Several members of The Garden of Eden, a sustainable living community in Arlington, Texas, have filed a lawsuit against the city, citing that their Fourth Amendment rights – among others – were violated when an unsuccessful raid was executed at the farm on Aug. 2, 2013.
“We were treated worse than criminals, like terrorists,” Quinn Eaker, who lives on the farm, told the Houston Chronicle. “They came in, machine guns in your face, no questions, just death or surrender immediately.”
While searching for evidence of an illegal marijuana growing and trafficking operation – and after placing all eight of the adults in the community in handcuffs, including the mother of a 22-month-old and a nursing newborn – authorities ripped up a massive amount of the farm’s crops, which would have been used as food for those living there. Authorities also destroyed sunflowers, which were planted as a source of food for the farm’s bee colonies.
In the end, authorities found no evidence whatsoever of any drug activity, but nonetheless seized blackberry bushes, okra, tomatillo plants, and hackberry, the seeds of which can be used to feed animals, while the wood is often used for furniture making. Authorities also seized compost.
And while a massive marijuana trafficking operation was not found, officers on the scene did discover Eaker had outstanding traffic violations, so he was arrested on those charges. The farm was also determined to have violated a number of city codes as well.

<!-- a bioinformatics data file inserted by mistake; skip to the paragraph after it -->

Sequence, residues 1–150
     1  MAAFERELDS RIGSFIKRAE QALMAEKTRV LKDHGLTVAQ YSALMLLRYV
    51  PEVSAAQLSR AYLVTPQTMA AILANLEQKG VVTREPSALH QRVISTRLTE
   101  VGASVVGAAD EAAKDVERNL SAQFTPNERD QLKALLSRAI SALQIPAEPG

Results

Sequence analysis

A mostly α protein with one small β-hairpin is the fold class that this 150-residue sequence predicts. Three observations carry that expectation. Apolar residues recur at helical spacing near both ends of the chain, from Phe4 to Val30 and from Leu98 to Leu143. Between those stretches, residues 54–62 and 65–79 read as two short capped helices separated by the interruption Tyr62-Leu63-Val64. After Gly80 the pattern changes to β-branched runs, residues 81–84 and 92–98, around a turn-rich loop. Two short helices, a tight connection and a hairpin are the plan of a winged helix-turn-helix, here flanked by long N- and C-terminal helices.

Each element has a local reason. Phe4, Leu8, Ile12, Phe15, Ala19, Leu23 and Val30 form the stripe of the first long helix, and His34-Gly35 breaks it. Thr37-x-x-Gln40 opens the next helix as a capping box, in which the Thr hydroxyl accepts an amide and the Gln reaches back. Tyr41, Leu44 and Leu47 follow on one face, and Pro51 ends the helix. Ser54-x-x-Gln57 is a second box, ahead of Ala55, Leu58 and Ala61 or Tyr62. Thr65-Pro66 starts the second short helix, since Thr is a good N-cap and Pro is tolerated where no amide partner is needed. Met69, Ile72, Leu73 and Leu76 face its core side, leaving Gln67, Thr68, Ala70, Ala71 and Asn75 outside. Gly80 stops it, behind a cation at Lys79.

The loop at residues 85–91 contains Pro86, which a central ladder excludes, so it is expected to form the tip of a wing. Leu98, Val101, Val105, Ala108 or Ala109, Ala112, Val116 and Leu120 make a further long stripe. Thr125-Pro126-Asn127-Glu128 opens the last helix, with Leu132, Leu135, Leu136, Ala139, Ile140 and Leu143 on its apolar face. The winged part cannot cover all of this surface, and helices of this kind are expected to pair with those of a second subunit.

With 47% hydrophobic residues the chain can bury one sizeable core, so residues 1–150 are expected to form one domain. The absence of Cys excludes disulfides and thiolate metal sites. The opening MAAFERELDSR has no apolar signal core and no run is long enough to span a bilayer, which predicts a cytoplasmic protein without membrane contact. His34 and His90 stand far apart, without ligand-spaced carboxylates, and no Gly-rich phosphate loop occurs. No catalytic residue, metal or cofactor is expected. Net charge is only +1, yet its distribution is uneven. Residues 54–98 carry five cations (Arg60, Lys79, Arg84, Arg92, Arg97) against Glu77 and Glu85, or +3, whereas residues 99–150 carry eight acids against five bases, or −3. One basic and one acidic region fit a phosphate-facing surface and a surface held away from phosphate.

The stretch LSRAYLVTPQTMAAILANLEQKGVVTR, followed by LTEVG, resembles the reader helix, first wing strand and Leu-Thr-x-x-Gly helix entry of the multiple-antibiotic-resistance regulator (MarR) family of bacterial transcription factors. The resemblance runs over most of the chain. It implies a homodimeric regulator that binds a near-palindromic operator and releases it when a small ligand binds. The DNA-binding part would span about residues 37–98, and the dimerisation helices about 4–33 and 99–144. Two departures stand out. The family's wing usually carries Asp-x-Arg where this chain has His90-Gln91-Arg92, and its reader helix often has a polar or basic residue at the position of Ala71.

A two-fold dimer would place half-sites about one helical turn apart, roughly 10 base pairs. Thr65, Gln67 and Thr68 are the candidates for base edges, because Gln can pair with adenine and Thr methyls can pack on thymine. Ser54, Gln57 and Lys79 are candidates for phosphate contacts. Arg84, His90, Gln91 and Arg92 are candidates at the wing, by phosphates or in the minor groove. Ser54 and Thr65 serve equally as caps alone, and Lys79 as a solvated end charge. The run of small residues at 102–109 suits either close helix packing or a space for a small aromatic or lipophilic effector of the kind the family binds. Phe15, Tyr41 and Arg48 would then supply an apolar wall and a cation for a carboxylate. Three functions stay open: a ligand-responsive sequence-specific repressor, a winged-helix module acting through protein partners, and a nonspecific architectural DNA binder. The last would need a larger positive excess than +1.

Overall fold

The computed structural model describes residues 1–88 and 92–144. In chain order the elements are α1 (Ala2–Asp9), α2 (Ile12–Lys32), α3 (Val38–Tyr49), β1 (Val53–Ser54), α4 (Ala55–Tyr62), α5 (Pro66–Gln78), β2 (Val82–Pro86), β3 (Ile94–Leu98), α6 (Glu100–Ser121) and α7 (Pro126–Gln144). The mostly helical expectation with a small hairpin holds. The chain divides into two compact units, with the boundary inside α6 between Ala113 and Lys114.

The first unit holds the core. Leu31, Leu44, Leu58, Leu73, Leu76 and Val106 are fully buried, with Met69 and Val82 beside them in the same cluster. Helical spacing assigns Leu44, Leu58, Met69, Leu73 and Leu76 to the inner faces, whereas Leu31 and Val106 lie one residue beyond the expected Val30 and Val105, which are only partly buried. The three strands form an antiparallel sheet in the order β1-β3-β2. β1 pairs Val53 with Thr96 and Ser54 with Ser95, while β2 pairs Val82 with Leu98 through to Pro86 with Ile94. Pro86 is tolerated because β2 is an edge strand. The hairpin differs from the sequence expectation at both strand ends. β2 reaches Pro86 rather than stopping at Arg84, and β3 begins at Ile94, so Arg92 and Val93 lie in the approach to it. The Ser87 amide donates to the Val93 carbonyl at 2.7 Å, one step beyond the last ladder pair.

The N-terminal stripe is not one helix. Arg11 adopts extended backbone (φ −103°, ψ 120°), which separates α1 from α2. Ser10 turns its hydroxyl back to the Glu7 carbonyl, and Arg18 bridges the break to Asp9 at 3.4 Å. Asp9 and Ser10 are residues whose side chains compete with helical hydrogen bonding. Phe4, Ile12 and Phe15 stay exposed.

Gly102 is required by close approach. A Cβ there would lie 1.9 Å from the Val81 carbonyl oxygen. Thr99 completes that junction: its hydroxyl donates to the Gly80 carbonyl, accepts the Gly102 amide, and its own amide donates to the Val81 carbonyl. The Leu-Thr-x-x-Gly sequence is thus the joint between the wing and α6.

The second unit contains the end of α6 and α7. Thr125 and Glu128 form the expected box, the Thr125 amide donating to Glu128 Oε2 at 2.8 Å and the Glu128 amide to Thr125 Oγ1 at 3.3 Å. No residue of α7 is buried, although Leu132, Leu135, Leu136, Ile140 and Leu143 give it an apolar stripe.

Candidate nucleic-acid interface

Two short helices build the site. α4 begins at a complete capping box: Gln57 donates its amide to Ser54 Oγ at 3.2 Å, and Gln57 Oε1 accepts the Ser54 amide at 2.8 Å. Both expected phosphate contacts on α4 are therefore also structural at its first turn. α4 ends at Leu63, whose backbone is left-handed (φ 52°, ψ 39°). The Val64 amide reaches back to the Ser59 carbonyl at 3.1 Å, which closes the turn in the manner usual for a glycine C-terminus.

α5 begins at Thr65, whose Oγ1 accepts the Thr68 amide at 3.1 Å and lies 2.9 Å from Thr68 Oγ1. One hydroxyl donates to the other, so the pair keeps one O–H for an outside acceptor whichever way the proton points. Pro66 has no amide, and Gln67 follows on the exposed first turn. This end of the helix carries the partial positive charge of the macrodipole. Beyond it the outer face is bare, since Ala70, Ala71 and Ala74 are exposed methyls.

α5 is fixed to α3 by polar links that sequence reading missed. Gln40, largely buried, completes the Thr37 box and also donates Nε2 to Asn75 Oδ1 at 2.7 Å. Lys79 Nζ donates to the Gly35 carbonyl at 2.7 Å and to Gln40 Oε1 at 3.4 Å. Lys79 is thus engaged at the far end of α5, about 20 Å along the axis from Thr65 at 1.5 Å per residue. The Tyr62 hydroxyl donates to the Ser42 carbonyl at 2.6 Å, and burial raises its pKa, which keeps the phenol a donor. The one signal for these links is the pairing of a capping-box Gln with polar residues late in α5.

However, Eaker and four other members of the four-acre community, who all say they were unlawfully detained, claim in their suit that the entire investigation was based on unsubstantiated intelligence and a weak search warrant.
But according to Arlington’s assistant city attorney, Elisabeth Kaylor, “The execution of the narcotics warrant was valid and based on probable cause.”
The probable cause included Eaker being cited for possession of marijuana on June 30, 2013, for which the Arlington Police department and courts appear to have no record of ever occurring. Furthermore, undercover officers attended a public event at the farm in 2013 and spoke with Eaker “about gardening.” The community’s website also made reference to some “uber dank high vibe cuisine,” uber dank slang for great pot, of course.
Authorities also searched for weapons while raiding the farm, on an “anonymous tip” that Eaker possessed “two rifles and one pistol on the property,” which incidentally isn’t illegal. No weapons were found and – judging by Eaker’s reference to SWAT carrying “machine guns,” his firearms knowledge likely isn’t up to par either.
“By the way, her affidavit reads you would think there was a live drug cartel going on in Arlington that nobody knew about except the police department,” said attorney Wes Dauphinot, who is representing the group. “The only problem is it was just a bunch of farmers.”
The suit asked for compensation for the damages caused at the farm, as well as compensation for pain and suffering.
The claim also demands a few simple things from the city, like providing better narcotics training, including how to properly identify a pot plant, better training on how to interview an informant and how to effectively corroborate anonymous tips. They also ask that the city learn how to properly develop a narcotics case.